The Reds entered July a perfectly respectable 46-36, but that was good for only third place in the NL Central. Mostly, they were beating up on bad teams and losing to good ones:
Reds vs. Marlins, Brewers, Cubs, Mets: 24-5
Reds vs. everyone else: 22-31
Besides the four teams with the worst records in the NL, the Reds had a winning record versus just one club; they were 4-2 against the Phillies. They were 7-12 against the two teams ahead of them in the NL Central (the Pirates and Cardinals). They were 5-7 against AL teams.
Now the Reds have opened July 2-0 against a Giants team that’s also struggled of late, but one that happened to defeat them in the NLDS last year before going on to win the World Series. Bailey’s no-hitter was well timed, giving him his fifth win of the year after he went 1-2 in June. It’s his first win against a contender since he beat the Nationals way back on April 5, his first outing of the season. Maybe he had deserved a couple of more since, but he had struggled in most of his starts against teams currently in postseason position:
April 10 against St. Louis: 7 ER in 5 IP
May 1 against St. Louis: 4 ER in 5 1/3 IP
May 7 against Atlanta: 4 ER in 5 IP
May 30 against Cleveland: 7 ER in 3 2/3 IP
June 20 against Pittsburgh: 2 ER in 6 IP
June 26 against Oakland: 4 ER in 6 IP
That’s an 8.13 ERA in six starts against teams that would be in the postseason if it started today. The Giants don’t qualify, but beating them is a start. Doing so by hurling a second career no-hitter only makes it all the sweeter.
1B/DH Edwin Encarnacion signed a three-year, $60 million contract with the Indians early last month. The 34-year-old had spent the last seven and a half seasons with the Blue Jays, but his future elsewhere appeared to be written on the wall when the Jays signed Kendrys Morales in November to essentially occupy Encarnacion’s role.
Encarnacion spoke about testing free agency for the first time in his career and the situation that led to him leaving Toronto for Cleveland. Via Jorge L. Ortiz of USA TODAY:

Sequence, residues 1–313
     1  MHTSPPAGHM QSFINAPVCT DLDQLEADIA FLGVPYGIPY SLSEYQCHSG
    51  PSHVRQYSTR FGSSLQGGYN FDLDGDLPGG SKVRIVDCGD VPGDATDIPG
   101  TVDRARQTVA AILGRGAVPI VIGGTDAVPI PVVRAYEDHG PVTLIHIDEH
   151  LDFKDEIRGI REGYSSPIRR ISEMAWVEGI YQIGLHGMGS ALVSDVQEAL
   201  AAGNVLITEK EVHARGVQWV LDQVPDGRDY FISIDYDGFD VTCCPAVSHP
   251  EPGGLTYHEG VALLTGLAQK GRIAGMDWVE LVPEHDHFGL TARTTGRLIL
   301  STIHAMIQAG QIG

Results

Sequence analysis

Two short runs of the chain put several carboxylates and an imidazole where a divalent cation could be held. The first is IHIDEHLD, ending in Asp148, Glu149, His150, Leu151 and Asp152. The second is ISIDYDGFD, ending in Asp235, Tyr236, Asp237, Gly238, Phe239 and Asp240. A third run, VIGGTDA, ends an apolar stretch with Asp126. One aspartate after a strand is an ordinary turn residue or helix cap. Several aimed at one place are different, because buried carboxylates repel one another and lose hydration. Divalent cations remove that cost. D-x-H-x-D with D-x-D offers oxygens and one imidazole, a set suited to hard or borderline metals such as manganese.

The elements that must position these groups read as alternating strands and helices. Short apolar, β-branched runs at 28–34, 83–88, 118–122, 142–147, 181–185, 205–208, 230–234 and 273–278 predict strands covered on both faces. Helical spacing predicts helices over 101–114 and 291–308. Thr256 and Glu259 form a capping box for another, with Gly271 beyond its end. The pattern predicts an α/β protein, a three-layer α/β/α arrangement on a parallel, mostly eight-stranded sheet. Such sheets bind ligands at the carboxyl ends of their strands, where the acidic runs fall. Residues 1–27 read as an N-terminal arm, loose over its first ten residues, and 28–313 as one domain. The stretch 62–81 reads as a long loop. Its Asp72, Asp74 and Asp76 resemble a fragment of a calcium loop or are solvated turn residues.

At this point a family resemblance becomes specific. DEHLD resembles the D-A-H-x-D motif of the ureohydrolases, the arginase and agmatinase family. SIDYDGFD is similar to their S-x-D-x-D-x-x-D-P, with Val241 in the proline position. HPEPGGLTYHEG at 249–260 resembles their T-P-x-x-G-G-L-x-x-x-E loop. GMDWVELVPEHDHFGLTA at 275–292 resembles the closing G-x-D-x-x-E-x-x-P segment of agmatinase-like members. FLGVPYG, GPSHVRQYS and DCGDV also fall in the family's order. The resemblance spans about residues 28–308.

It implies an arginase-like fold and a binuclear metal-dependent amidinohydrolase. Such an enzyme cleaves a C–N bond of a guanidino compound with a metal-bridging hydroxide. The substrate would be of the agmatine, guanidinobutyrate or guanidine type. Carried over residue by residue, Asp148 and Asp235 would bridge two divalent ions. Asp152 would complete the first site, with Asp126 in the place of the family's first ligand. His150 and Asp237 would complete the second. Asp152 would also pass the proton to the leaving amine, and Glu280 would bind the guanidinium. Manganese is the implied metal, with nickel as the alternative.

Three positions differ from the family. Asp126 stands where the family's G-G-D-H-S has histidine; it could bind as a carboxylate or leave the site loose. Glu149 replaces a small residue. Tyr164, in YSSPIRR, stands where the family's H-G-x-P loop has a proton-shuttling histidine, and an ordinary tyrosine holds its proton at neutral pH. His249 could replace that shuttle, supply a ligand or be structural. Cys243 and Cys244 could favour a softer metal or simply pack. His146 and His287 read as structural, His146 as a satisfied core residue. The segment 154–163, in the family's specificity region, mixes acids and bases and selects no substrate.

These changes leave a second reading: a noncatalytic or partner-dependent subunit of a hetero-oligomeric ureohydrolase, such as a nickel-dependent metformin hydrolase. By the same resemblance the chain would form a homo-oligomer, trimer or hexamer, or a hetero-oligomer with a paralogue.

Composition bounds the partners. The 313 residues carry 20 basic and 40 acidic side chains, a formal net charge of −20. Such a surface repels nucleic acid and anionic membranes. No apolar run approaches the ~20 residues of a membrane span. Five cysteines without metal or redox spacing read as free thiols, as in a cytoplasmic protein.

“Toronto was always my first option, but I had never been a free agent, and anybody who gets to free agency wants to find out what’s out there,’’ he said. “I think they got too hasty in making their decision, but now I’m with Cleveland and I’m happy to be here.’’
Encarnacion last season hit .263/.357/.529 with 42 home runs and an AL-best 127 RBI. He’s now on the team that defeated his Blue Jays in the ALCS to advance to the World Series. Encarnacion effectively replaces Mike Napoli, who returned to the Rangers.
I’m on record saying that Sammy Sosa has been rather hosed by baseball history.
The guy did amazing things. Unheard-of things. He was truly astounding at this peak and was incredibly important to both his franchise and Major League Baseball as a whole. His repayment: he’s a pariah. His club won’t claim him and his greatness, by any measure, has not just been overlooked but denied by most who even bother to consider him.
Yes, he had PED associations, but they were extraordinarily vague ones. He’s in the same boat as David Ortiz as far as documented PED evidence against him, but Ortiz will be a first ballot Hall of Famer while Sosa barely clings to the ballot. He hit homers at the same cartoonish rate as Mark McGwire, but while Big Mac has been embraced by baseball and has coached for years, Sosa can’t get into Wrigley Field unless he buys a ticket and even then the Cubs might try to hustle him out of sight. The man has been treated poorly by any measure.
Yet, it’s still possible to overstate the case. Like Sosa did in this interview with Chuck Wasserstrom:
It’s like Jesus Christ when he came to Jerusalem,” Sosa told chuckbloggerstrom.com. “Everybody thought Jesus Christ was a witch (laughing) — and he was our savior. So if they talk (bleep) about Jesus Christ, what about me? Are you kidding me?”
At least he was basically joking about it. Still, it’s a totally unfair and almost offensive comparison.
I mean, anyone who watched Sosa’s career knows that he had trouble laying off breaking stuff low and away. In contrast . . .